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House Mulls Saving Broke Cash-for-Clunkers Program for...Two Weeks (Update: House Okays $2 Billion More)

1:03 PM, Jul 31, 2009 • By MARY KATHARINE HAM
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The American people act on incentives. When the incentive is free wads of $4,500 for cars that would likely never qualify for such trade-in values on the free market, there will never be enough money to satisfy demand.

That's why the cash-for-clunkers program, meant to incentivize the trading in of gas-guzzlers for energy efficient cars, thereby boosting the flailing auto industry, has been suspended after less than a week. It was supposed to last until November, but lo and behold, when the government offers "free" money, the demand is high, indeed.

WASHINGTON - Four days after it launched, the popular cash-for-clunkers program has burned through its $950-million budget, sending the Obama administration scrambling to find additional money tonight and avoid a shutdown of the program.
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Administration officials told Congress this evening that the plan would be suspended, triggering confusion and anger among thousands of dealers and car buyers across the country. Many dealers rushed to submit paperwork on pending trades, amid TV ads from automakers touting the program.

But a White House official denied late today that the program was suspended, and said all valid deals would be honored. Officials at both ends of Pennsylvania Avenue were seeking ways to send additional money to the program; the U.S. House was set to adjourn Friday for a month-long break.

The House is trying to come to the rescue, with $2 billion in stimulus money. That's great. It oughtta keep up with demand for approximately two weeks:

The House will consider $2 billion to fund the fuel efficiency program, which burned through its nearly $1 billion budget after only six days of availability to consumers.

The House will vote on the bill as early as today, according to one House Republican Source. The funds will be drawn from re-directed stimulus funds, though it is not clear which programs will be targeted.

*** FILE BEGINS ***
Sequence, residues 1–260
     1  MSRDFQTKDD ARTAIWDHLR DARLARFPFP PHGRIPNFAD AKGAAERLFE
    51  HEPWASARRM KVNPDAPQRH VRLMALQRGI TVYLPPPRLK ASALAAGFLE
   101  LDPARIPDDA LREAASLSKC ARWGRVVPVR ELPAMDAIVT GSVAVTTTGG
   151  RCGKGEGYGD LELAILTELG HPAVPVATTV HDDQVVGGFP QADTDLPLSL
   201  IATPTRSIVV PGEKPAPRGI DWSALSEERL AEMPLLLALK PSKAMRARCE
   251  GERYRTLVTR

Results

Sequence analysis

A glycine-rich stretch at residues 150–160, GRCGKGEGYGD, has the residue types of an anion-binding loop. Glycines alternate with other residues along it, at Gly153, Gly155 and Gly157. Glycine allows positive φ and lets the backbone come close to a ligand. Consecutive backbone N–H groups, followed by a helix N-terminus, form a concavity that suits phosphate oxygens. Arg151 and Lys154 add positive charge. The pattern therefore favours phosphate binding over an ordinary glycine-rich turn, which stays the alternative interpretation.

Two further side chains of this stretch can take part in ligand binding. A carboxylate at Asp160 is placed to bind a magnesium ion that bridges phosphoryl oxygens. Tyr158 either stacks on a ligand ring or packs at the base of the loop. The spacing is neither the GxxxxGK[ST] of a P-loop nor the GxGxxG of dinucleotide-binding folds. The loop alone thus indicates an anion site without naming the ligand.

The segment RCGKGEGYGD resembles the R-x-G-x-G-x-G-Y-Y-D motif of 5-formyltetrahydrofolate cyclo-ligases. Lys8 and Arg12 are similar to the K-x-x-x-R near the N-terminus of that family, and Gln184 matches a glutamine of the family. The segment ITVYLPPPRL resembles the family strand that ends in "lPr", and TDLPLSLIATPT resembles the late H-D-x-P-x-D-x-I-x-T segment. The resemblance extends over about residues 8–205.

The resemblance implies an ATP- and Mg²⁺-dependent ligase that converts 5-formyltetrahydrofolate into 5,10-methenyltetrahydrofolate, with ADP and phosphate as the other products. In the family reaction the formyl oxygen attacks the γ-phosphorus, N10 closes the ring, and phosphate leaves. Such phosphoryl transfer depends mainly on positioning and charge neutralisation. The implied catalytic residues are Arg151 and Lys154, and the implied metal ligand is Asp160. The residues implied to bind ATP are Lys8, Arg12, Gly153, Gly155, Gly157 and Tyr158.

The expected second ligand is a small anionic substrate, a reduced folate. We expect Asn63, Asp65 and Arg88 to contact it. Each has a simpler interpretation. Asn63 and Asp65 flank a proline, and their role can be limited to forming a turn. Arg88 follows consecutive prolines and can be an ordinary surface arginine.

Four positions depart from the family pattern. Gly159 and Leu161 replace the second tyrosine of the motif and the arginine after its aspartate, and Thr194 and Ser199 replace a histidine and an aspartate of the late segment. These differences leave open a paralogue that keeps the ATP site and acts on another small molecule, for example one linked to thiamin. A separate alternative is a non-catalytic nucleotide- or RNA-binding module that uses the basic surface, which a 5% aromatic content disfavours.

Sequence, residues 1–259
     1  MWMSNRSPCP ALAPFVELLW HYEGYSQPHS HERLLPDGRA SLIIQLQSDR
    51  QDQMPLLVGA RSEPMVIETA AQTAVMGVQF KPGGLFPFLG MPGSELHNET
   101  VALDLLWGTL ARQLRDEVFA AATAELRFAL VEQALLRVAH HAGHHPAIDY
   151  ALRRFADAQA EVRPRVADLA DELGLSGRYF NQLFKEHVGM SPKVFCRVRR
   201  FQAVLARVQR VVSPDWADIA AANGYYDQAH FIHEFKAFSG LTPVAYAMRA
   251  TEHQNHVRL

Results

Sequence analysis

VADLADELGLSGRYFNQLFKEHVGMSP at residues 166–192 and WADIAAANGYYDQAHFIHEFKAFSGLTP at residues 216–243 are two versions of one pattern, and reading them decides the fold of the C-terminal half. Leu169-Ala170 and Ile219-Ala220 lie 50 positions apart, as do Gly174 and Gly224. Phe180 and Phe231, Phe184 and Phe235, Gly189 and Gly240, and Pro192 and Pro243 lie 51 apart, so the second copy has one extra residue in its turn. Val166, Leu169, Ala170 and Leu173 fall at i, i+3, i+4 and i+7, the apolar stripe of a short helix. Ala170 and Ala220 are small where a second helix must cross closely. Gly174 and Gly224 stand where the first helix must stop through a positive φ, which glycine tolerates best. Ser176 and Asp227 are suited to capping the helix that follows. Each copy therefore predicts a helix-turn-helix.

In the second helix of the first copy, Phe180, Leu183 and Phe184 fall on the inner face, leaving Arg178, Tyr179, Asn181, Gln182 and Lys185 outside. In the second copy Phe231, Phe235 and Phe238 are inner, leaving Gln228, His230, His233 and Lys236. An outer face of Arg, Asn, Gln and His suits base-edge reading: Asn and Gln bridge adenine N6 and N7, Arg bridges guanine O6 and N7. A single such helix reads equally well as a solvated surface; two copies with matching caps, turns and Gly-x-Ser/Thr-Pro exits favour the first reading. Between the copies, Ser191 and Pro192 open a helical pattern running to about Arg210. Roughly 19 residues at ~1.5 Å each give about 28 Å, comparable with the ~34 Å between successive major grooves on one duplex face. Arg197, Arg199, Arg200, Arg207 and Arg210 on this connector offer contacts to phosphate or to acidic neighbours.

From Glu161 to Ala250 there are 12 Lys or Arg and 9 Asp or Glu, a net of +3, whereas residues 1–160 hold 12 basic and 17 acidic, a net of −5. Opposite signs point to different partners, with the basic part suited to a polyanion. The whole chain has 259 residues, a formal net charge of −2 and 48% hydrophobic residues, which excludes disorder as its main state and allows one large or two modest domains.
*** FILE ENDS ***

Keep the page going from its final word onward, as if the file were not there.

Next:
And, then we'll presumably be on the hook for another couple billion after that. But what's another couple billion? Taxpayers have already "invested" billions in the auto industry involuntarily, so why not an arbitrary redistribution of tax money from people who own cars above the 18-mpg "clunker" qualification to people who happen to own '87 Chevy Blazers? I've known people with '87 Blazers. They're good people, and I for one am happy to subsidize their switch from glorious two-tone muddin' machines to...Chevy Bolts.

Many Obama-supporters on Twitter today have argued that the program is only a failure insomuch as it is a great success. You see, the Obama administration simply revealed the tremendous demand for $4,500 hand-outs fuel-efficient cars, and should be congratulated for that. The utter lack of competence, planning, or understanding of incentives is not an indication of the federal government's unsuitability to mucking around in the private sector, but a reason to invite more mucking.

You know what was also a great success, by that standard? The KFC grilled-chicken giveaway. The crowds of angry people, the insufficient chicken supply to honor Oprah-touted coupons, the frayed relations with customers, franchise-owners, media, and the stain on the company's brand? Those were just syptoms of KFC's revelation of the tremendous demand for its free chicken product, not the biggest, most high-profile marketing failure and bad business decision in years.

Michael Barone notes that we've seen this program before:

How much will CfC ultimately cost? The sky may be the limit. The Almanac of American Politics 2002, of which I am co-author, describes a similar program in Arizona: